— Miley Cyrus and Elton John doing “Tiny Dancer” was sensational; with all of her ridiculous behavior you forget just how incredible a talent Miley is. But she was fabulous here.

— Am I the only one who didn’t know there was still a “Best Comedy Album” Grammy? Man did they play that up a lot during the show; who really cares about comedy at the Grammys?

— That James Corden, Sting and Shaggy sketch on the New York City subways. Groan, groan, groan. Just bad.

— Finally, I don’t know who Logic is, but that was a pretty fantastic little speech he gave at the end of his performance. Proud to see so many artists speak up about the atrocities this President and his allies are committing.

 

The magic, music and technological wonder of my first live U2 concert. And as strange a triple play as you’ll ever see

u2-in-the-screen

I don’t have much of a music concert bucket list.

I’ve seen a lot of my favorites over the years, and can pretty much recall in specific detail some of the greatest performances I’ve seen and smile about them still (Tom Petty at the old Spectrum in Philadelphia was one of the best shows I’ve ever seen).

But a couple of years ago I realized that there were two giant holes in my concert resume: I’d never seen Bruce. And I’d never seen U2.

Well, bucket list completed. Saw Bruce in 2012, and Thursday night, at a frenetic, pulsating Madison Square Garden, I finally got to see the band that strongly influenced my teen years.

U2 is often hailed as the greatest live band in the world, and man oh man were they ever fantastic Thursday night. Lots of times in life we hype things up in our minds so much that when we actually experience the thing, it’s a letdown.

Thursday night was most definitely not a let down. Larry Mullen Jr., Adam Clayton, The Edge and an AIDS activist/world peace attempter/lead singer of an Irish rock band named Bono kicked serious rock and roll ass for 150 minutes.

Some thoughts on the show from my rocked-out brain, where three days later I’m still humming some of the songs I heard:

— First, they sounded great. But the look of the show was incredible. I’ve seen giant stages before, seen bands get up close to their fans, seen hi-tech video boards. I’ve never seen anything like the enormous “virtual reality”-like screens at this show (above photo). When Bono sang a few songs about his childhood, he literally disappeared into the board and “walked” down Cedarwood Road, where he lived as a kid. Throughout the show there were these incredible video montages (and even calling them “montages” doesn’t do them justice, they were like mini-movies) and they were mesmerizing.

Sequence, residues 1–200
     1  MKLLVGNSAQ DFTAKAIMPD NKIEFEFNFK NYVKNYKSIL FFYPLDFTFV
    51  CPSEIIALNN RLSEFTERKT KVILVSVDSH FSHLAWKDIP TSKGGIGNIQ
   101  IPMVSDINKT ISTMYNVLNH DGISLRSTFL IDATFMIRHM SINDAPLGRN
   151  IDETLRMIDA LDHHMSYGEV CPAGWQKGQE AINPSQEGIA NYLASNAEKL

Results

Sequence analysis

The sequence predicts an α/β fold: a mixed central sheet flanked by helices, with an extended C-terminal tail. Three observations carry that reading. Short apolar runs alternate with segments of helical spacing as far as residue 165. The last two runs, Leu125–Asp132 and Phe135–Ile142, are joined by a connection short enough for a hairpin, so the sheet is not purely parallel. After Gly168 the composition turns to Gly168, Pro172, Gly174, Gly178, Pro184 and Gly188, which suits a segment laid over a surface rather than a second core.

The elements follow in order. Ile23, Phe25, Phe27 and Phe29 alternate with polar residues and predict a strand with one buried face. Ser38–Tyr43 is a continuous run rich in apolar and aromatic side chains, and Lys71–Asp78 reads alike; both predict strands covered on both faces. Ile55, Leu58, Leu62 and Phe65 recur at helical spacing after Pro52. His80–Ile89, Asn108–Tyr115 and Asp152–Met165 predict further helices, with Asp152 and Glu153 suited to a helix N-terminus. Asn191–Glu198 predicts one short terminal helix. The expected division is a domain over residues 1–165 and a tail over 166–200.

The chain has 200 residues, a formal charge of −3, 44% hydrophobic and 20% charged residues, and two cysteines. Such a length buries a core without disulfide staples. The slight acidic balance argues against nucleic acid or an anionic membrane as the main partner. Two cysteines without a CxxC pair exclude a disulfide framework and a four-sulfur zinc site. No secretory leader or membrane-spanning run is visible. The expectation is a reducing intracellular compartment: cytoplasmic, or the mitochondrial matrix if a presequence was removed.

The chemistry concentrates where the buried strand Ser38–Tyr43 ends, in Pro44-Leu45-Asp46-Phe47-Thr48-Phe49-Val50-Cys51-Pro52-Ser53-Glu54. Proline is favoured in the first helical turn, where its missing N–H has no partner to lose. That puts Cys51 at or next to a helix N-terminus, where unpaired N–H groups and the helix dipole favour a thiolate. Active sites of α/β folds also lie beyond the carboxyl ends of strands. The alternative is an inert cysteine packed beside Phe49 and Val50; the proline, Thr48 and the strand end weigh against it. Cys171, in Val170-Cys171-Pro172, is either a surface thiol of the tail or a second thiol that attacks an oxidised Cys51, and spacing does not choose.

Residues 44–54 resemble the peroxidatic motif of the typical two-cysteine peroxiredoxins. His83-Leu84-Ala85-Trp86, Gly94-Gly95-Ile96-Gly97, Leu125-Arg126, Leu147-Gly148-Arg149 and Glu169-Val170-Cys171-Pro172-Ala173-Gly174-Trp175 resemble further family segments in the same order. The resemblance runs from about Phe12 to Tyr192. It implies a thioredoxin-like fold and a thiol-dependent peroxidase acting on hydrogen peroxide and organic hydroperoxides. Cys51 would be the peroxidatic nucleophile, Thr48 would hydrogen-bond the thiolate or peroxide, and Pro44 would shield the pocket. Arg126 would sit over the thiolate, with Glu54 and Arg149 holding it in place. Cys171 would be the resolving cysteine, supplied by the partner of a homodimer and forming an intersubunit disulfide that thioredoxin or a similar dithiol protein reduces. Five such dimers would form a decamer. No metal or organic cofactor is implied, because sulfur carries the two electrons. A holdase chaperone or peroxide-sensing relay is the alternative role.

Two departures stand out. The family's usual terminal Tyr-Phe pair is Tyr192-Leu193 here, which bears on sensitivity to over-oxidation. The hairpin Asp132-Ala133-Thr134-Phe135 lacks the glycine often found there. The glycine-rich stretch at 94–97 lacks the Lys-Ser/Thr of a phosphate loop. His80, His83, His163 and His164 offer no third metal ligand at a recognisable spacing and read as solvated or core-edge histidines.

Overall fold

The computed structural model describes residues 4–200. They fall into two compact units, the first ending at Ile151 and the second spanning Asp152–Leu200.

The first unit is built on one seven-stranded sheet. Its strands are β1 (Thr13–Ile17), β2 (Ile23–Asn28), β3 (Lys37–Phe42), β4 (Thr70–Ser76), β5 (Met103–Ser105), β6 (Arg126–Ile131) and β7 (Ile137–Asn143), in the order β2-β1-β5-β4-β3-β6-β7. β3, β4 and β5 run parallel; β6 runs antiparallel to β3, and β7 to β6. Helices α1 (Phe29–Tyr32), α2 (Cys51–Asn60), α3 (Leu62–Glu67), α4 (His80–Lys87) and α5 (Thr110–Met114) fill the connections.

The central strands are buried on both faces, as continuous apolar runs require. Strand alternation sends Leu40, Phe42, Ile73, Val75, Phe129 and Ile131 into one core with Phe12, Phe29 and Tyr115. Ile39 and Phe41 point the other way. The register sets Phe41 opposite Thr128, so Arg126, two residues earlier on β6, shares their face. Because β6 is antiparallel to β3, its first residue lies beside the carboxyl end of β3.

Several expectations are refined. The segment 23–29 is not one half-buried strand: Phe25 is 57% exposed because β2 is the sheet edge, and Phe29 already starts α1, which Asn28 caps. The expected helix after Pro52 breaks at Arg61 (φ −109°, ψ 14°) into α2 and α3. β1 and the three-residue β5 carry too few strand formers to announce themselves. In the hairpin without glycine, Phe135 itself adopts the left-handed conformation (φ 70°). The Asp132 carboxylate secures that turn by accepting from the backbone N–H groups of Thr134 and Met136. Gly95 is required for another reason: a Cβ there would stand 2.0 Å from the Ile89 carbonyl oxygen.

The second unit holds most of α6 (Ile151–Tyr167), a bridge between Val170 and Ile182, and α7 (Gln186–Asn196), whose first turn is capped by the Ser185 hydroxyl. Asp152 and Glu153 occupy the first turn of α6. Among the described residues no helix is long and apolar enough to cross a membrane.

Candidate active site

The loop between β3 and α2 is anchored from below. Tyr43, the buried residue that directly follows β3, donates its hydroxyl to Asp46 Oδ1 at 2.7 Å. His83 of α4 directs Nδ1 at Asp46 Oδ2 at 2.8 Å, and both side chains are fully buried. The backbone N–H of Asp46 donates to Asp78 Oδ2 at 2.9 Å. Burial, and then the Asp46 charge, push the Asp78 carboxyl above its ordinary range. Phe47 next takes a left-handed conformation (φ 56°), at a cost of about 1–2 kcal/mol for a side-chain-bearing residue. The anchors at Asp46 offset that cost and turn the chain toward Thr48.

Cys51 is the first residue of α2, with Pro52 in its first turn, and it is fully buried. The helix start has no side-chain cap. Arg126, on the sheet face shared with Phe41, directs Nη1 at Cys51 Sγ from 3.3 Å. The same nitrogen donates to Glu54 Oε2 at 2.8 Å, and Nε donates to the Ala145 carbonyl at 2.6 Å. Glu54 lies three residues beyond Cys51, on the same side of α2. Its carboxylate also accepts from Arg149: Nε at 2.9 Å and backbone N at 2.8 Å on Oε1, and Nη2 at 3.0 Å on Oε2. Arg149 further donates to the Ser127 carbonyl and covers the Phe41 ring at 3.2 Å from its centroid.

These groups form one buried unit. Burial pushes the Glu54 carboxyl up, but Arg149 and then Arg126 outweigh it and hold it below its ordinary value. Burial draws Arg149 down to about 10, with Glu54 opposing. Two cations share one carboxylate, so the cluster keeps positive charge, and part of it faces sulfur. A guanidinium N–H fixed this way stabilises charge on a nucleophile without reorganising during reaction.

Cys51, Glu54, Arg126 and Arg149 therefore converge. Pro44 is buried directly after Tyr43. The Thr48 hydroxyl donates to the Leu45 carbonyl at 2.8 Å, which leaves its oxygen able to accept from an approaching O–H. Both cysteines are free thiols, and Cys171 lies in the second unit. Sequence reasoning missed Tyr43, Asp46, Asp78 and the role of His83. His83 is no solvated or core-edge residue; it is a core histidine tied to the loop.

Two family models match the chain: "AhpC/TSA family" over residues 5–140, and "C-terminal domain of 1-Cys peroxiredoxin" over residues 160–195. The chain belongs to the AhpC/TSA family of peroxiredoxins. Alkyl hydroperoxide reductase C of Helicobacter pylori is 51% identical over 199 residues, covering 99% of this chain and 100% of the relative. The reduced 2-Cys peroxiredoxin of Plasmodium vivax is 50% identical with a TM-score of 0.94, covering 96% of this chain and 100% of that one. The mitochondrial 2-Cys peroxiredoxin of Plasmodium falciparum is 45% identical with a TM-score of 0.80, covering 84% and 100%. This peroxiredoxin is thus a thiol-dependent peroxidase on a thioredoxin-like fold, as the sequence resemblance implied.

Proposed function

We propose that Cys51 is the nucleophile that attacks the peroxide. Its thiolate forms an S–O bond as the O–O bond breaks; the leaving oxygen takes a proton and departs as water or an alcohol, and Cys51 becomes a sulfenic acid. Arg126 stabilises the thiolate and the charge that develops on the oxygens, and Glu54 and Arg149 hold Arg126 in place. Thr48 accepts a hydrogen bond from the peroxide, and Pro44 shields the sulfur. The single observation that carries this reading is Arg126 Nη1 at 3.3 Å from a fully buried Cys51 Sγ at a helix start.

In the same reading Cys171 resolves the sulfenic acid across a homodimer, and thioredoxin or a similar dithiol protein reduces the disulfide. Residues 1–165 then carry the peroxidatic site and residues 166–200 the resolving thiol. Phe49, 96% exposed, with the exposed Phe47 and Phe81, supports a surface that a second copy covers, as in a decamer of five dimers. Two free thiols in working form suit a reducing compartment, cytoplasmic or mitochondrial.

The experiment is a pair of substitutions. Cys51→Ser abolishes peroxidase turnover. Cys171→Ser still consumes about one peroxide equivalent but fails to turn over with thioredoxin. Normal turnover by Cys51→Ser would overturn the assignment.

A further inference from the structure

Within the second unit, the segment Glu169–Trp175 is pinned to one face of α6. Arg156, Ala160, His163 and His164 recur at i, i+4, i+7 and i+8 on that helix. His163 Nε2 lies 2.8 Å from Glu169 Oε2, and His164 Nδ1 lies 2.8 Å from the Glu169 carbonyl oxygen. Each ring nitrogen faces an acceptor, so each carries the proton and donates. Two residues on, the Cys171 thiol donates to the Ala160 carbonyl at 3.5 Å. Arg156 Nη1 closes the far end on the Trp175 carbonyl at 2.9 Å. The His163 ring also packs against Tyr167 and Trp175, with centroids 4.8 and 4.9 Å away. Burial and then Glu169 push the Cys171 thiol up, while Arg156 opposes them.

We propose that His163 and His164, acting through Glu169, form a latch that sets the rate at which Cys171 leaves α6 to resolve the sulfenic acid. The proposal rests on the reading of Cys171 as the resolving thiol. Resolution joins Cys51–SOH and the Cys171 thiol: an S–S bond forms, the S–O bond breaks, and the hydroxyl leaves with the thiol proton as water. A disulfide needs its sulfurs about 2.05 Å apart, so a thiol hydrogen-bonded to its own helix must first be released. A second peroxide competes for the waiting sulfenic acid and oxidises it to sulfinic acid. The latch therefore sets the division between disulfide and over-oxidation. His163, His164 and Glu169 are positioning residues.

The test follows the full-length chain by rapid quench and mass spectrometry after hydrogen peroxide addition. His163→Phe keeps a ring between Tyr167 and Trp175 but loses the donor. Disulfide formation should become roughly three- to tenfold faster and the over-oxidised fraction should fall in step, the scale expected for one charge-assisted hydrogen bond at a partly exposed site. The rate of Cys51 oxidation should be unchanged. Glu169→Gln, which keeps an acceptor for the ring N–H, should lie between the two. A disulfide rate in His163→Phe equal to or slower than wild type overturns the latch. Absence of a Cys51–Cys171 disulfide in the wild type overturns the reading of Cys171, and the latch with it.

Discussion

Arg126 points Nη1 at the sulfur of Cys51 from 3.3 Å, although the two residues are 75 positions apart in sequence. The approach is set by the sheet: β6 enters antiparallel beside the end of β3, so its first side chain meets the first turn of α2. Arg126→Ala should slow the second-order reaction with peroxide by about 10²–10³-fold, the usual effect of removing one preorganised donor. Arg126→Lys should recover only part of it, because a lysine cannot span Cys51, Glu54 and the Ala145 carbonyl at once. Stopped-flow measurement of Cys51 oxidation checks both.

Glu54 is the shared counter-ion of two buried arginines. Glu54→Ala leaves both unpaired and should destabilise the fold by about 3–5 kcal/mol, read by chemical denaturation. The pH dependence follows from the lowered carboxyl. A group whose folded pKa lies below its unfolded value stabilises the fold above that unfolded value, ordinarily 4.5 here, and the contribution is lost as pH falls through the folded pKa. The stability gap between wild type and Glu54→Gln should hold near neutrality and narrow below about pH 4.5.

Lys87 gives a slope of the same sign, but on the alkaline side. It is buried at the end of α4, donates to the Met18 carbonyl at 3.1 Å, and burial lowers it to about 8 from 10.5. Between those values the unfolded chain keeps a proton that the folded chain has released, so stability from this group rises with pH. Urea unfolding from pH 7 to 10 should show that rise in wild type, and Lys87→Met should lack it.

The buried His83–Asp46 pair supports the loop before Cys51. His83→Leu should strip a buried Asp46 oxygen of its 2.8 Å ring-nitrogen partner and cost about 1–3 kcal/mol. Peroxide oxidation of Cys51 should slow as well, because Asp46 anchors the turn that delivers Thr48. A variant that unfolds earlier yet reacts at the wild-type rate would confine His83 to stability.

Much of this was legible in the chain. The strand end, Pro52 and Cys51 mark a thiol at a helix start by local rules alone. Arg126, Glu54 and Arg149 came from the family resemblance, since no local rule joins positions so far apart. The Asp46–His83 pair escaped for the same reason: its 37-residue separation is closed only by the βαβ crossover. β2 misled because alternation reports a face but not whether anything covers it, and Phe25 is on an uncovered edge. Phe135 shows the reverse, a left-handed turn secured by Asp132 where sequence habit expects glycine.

— Thanks to age and his famous bike accident, Bono doesn’t run around and go nuts like he used to do. But damn if he still doesn’t have incredible stage presence. Even when he was not singing, just talking about huge breakthroughs in AIDS treatment or about his first girlfriend, he commanded the arena like few singers I’ve ever seen.

— Funniest thing to me Thursday was how Bono always called his lead guitarist “The Edge,” when talking to him, always making sure to put the “The” in there. He would say stuff like “The Edge, what should we do next?” Cracked me up every time. Like after all these years, you can’t just call him “Edge?”

— Waited 27 years to hear my all-time favorite U2 song, “With or Without You,” live. I first heard that song in 1988 and immediately went out and bought the record (“What’s a record, Grandpa?”) and listened to it at least 15 straight times on my stereo’s record player in my bedroom. Three decades later, it still moves me.

— There are lots of feelings I’d like to experience in my life still, and I hope I’ll feel most of them. But there are two I don’t think I’ll ever get to live out, and I have long thought about and desired them, and saw Bono enjoy both on Thursday night.